A recent discussion on Builder.com raised some interesting questions about vendor lock-in, the situation that arises when an entire application (or organization) becomes dependent on a single vendor’s implementation of a technology. Changing vendors then becomes difficult and sometimes cost-prohibitive. Encouraging vendor lock-in is a criticism most often leveled against Microsoft, although there are other vendors accused of this practice.

Member Chadd boiled the issue down to its most basic form by asking if vendor lock-in, specifically when it comes to Microsoft products, is really bad at all?

“For a small to medium sized shop, is it worth the added complexity (e.g., mixing OSs, [application server] vendor, etc.) and cost to run non-MS products? Yeah we know there are problems, but heck; we know what they are too! There are many good examples of successful [Microsoft] based e-commerce sites out there … obviously the stuff can work.

“Are we all trying to get away from [Microsoft] because it makes sense to do so? Or are we emotionally tied to just not letting them win?”

Just don’t let “them” win?
I think Chadd’s final question is an interesting one. There’s a lot of knee-jerk Microsoft bashing that takes place in today’s development world, and I myself am guilty of it occasionally. However, does that attitude really boil down to being averse to vendor lock-in? It’s easy to imagine a nightmare world like that described by the folks at Antipatterns.com where one day your computer demands money from you to allow you access to your data and applications. But I, for one, could just as easily imagine an IBM or Sun behind such an act as a Microsoft.

You have to remember, it’s in any business’s best interest to secure return customers, and therefore future income. If by getting you to take advantage of their proprietary features, they ensure you’ll come back to them to meet future needs, you’d better believe that’s exactly what they will do. Also, if a vendor can secure your future patronage by making their products work a bit better among themselves than they would with a competitor’s equivalent product, it’s in that vendor’s best business interest to do that, as well.

Is it really bad?
Member rdean believes it to be a customer’s right to have the flexibility to change vendors at a moment’s notice, and that providing that flexibility helps keep everyone honest.

“This gives the customer power at the negotiating table. If the customer can rip and replace your products easily, the vendors are going to be more fair in their pricing structure (at least for the replaceable components). Microsoft lock-in doesn’t offer this opportunity for customers.”

Member ianbren seems to hold the opposite opinion, that vendor lock-in is nothing more than an emotional reaction to the business of providing development software. He said:

“Do we agree that an IT professional’s job is to deliver business value on time and on budget? If so, then that includes managing risk. If your project risk document (one gets written—right?) identifies that an [Microsoft]-based solution is too much of a risk, then you have to mitigate that risk with other options (e.g., supplement, replace, etc).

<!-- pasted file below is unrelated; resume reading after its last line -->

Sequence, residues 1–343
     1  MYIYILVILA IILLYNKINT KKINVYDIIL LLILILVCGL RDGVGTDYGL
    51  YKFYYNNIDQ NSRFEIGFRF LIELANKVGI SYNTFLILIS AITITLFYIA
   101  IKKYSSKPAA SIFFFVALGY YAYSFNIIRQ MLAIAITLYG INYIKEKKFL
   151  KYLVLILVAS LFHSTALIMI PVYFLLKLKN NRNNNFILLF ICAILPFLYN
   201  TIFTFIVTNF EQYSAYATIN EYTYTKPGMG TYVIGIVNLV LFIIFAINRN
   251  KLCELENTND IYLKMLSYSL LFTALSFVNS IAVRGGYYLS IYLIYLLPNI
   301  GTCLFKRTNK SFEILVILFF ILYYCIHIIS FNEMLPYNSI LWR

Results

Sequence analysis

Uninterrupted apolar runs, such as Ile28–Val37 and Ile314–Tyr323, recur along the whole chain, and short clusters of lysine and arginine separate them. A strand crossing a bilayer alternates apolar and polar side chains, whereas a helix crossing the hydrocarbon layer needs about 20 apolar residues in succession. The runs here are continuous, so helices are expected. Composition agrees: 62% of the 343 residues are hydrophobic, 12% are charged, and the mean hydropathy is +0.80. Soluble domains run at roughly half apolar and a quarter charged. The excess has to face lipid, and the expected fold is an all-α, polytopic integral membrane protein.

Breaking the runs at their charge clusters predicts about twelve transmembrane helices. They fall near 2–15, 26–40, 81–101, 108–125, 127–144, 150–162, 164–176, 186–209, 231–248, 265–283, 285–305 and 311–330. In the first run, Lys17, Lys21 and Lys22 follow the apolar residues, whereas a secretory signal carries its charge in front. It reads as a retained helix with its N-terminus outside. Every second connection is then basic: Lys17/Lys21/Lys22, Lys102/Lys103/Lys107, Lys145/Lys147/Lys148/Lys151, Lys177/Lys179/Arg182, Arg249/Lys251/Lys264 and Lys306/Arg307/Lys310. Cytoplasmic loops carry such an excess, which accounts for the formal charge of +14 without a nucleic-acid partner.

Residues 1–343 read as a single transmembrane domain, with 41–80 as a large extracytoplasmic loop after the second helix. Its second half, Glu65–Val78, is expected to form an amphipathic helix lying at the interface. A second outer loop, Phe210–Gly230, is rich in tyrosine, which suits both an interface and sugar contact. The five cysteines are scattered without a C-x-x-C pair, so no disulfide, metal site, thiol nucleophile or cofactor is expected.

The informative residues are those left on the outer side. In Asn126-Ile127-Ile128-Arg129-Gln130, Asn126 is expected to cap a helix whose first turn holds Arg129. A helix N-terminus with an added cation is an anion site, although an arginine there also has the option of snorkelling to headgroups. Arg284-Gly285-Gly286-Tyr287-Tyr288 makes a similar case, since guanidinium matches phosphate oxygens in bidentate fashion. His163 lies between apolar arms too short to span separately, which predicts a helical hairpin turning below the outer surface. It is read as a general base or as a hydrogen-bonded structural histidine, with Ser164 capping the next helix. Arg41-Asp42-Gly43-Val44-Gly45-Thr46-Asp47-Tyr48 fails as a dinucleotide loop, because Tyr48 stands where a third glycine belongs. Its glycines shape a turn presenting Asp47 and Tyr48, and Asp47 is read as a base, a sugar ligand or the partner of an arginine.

“If your organization believes passionate words like ‘escape,’ ‘lock-in,’ ‘stranglehold,’ are valid descriptions of this risk, then go ahead. But not everyone feels that way.

“Is Linux a lock-in technology? What if I want to move to OS2? Am I locked in? What about OS400/ZOS? What about Java lock-in? … By 2007, the leading high-end J2EE-certified application servers will contain more than 40 percent non-J2EE extension functionality. That is vendor lock-in by the experts.”

It’s about risk management
I think that, as ianbren pointed out, managing vendor lock-in involves risk management. The central question being, is it more risky for you to tie your system to a single vendor’s solution than it is for you to trust in pieces from multiple vendors to work and play nice together? Will you take the risk that your project will fail due to incompatibilities between multiple vendors’ systems?

I’ve worked on projects where this risk was not even considered, much less managed well, and a large portion of developers’ time was spent overcoming the incompatibilities of multiple vendor systems. It wasn’t fun for the developers, the business managers, or the customers.

It’s been my experience that many smaller organizations simply aren’t prepared to deal with the potential problems that can arise from a multiple vendor solution. Add to that the fact that taking advantage of a vendor’s proprietary features will often lead to improved efficiencies in your system, and you have another reason to stick with just that one vendor.

Let me know how you feel about this matter. Post to the discussion below.